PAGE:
I’d never before considered the tremendous logistics of a dog circus moving around the country and I am blown away at how organized and efficient Jana and Dextre are at maneuvering their operation around. I love that they own most of their vehicles outright and I agree with Jana that simplifying sounds like a great plan at this stage now that they’ve purchased a new cargo van.
Jana is wondering if they should hang onto their current vehicle line-up or downsize now and my inclination is that they should go ahead and downsize now. As Jana wisely notes, all that vehicles do is depreciate. Unlike a fine wine, cars do NOT get better with age. The longer Jana and Dextre hold onto these vehicles, the less valuable they’ll be. Plus, the economy is in a good place right now for consumers, which means it’s a good time to sell cars. Translation: don’t try to sell your cars during a recession because people have less disposable income. Sell when the economy is good!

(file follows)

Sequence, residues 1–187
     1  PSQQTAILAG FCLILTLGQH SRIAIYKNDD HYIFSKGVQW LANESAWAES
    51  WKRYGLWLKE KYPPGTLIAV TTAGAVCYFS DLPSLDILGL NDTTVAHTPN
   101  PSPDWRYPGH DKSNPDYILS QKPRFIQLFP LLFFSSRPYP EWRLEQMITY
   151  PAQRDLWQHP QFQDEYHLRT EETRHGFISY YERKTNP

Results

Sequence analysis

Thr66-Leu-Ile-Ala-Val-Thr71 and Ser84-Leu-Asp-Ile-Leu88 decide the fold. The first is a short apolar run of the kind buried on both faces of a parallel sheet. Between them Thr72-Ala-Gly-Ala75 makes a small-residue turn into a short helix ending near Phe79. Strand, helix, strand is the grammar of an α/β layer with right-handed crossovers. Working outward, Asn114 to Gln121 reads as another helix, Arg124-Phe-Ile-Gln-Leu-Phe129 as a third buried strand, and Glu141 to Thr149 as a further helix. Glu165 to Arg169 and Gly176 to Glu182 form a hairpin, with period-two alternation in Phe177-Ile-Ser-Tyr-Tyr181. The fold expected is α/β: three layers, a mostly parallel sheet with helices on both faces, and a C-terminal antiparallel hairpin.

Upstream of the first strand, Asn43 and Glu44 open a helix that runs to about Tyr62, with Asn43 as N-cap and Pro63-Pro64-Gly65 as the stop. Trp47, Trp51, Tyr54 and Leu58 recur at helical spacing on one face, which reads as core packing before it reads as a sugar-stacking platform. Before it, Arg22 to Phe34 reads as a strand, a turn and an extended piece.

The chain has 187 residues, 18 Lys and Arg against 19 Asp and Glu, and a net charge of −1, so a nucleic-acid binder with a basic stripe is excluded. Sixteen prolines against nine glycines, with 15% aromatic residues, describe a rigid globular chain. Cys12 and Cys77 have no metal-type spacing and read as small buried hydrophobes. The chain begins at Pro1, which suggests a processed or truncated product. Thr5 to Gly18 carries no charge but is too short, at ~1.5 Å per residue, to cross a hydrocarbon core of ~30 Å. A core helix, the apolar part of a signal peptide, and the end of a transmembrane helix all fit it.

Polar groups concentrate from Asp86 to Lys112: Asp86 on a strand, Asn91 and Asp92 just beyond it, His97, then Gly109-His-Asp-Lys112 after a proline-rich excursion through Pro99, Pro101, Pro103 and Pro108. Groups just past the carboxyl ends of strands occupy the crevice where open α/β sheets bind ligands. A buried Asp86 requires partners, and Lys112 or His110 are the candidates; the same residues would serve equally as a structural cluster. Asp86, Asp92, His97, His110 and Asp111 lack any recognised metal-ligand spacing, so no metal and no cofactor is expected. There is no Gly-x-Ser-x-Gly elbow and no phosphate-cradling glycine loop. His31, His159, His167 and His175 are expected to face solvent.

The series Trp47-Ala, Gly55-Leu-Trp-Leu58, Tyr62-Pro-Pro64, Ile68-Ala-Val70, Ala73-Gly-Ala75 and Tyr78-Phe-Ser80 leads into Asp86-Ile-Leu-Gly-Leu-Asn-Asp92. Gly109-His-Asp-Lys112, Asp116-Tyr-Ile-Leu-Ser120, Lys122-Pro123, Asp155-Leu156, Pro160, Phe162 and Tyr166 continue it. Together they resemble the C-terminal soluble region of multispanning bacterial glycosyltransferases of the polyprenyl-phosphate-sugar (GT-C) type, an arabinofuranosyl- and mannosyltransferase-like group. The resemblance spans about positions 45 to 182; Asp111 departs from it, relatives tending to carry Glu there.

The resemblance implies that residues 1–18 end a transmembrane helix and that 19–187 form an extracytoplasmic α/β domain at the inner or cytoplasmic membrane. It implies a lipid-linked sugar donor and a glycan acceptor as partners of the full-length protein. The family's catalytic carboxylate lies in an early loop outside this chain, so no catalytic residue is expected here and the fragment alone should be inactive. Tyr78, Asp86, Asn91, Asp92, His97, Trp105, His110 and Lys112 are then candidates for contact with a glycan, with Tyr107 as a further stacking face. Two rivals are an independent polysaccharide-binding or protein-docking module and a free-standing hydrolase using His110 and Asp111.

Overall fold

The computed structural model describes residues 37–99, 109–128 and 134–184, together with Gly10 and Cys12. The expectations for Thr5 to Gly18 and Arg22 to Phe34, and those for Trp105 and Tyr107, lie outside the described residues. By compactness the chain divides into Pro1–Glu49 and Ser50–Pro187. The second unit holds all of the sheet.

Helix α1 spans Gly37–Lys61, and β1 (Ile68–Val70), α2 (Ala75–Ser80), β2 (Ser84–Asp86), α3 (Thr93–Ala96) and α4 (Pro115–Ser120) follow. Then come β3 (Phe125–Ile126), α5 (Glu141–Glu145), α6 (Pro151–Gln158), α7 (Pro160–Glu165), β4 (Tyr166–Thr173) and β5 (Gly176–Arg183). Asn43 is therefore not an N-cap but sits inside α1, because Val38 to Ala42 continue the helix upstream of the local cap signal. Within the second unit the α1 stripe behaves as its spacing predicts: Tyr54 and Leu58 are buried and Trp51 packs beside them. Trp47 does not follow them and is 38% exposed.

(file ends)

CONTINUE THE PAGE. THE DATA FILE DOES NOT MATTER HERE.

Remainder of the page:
I suggest that Jana first price out trade-in versus private sale prices for each of the vehicles they want to get rid of. Sometimes a trade-in is a better deal, but more often, you’ll get more money if you sell a vehicle yourself through Craigslist. Jana should start tracking what similar vehicles are selling for on the used market and an easy way to do that is to set up a few saved searches on Craigslist. She should also speak with a dealer and see what sort of trade-in deals they’d be able to offer her. Ideally Jana and Dextre can translate the money from the sale of their extraneous vehicles into a new-to-them fleet. As far as I understand it, Jana and Dextre are looking to sell:
- 5th wheel trailer